Active since 2017, this Trojan hides in common legitimate-looking apps, including photo editing tools, mobile games, messaging platforms, translators and other tools. After being installed on the affected devices, Joker begins intercepting sms messages from the victim to perform unauthorized subscriptions to Premium services, in addition to stealing information from the devices.
In this new wave, which began in September 2020, at least 1000 Joker samples have been detected in apps available on the Google Play Store and other third-party platforms: “Hackers found new ways to introduce this malware into official and unofficial app stores,” zimperium’s report mentions.
Apparently, the developers of the latest version of Joker take advantage of legitimate developer techniques to hide any hint that the application hides a set of malicious, legacy-based tools. This attack method helps evade device-based security and protection in the app stores.
According to the report, this can be done with Flutter, an open source application development kit created by Google that allows developers to create native applications for mobile, web and desktop devices from a single code base. Using Flutter to code mobile apps is a common approach, so most scanners consider it a benign development.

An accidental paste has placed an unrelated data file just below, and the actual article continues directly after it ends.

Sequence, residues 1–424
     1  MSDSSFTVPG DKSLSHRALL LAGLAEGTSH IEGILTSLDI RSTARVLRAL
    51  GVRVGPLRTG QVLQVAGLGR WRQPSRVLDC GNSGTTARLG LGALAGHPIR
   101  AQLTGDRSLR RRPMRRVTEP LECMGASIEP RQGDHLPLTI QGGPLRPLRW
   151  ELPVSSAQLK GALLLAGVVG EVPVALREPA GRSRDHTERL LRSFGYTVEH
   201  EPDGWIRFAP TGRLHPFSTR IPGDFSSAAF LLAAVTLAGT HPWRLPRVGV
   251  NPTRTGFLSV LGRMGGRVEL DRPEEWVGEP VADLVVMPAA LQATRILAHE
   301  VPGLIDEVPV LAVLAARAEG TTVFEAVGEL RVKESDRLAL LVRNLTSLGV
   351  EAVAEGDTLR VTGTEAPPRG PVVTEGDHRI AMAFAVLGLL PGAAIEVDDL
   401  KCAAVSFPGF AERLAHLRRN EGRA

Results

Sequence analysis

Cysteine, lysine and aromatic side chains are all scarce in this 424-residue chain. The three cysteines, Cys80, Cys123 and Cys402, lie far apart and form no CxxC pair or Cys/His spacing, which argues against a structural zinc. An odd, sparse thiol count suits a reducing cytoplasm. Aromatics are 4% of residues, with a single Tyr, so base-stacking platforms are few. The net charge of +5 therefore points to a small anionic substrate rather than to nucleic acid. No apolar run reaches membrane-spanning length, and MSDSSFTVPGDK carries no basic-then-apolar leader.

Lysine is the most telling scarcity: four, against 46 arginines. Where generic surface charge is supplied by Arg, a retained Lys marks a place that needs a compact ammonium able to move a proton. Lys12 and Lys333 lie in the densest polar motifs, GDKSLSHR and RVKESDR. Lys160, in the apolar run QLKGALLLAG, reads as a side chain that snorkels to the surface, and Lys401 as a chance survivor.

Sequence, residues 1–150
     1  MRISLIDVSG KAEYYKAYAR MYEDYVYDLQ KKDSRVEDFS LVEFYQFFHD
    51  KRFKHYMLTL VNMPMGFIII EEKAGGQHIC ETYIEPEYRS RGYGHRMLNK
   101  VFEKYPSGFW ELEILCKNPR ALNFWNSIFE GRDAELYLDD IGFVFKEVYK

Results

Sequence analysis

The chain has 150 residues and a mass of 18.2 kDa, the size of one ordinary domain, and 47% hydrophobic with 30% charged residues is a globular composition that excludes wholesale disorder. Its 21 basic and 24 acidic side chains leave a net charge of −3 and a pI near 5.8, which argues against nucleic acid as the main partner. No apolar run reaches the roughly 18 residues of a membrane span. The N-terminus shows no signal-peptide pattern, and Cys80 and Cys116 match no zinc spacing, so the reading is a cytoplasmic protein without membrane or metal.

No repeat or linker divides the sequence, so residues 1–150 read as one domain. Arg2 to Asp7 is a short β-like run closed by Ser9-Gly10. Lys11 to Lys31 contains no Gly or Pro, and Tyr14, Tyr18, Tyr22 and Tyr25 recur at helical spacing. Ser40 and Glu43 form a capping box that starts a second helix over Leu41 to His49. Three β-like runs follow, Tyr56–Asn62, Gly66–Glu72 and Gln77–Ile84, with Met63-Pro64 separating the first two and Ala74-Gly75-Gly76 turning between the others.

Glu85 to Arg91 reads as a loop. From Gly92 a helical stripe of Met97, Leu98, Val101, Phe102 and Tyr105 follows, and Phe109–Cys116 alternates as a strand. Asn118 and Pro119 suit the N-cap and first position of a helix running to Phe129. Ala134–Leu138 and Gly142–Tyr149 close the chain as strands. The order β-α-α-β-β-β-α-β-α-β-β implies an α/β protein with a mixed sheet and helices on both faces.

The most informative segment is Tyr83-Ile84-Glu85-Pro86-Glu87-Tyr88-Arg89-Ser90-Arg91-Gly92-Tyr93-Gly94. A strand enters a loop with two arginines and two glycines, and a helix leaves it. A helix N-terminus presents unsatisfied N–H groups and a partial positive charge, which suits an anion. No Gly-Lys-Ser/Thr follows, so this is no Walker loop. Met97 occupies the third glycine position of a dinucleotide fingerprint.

Experts mention that another technique to evade detection of these malicious tools is embedding a payload such as .DEX files, which can be obfuscated in multiple ways, including steganography.
Finally, experts mention that the new samples also take extra precautions to remain hidden after installing an application with Trojans. “After installation, the infected app will run a scan using Google Play APIs to check the latest version of Google Play Store installed on the device. If there is no response, the malware remains silent, as it can run on a dynamic analysis emulator,” the report says.
For security reasons, users are advised not to install applications available on unofficial platforms, as there is no way to know if these tools are infected with malware. For apps available on the Play Store, it’s best not to install apps from developers without high ratings.
To learn more about information security risks, malware variants, vulnerabilities and information technologies, feel free to access the International Institute of Cyber Security (IICS) websites.
He is a cyber security and malware researcher. He studied Computer Science at Miami and started working as a cyber security analyst in 2008. He is actively working as an cyber security investigator. He also worked for security companies like Cisco. His everyday job includes researching about new cyber security incidents. Also he has deep level of knowledge in enterprise security implementation.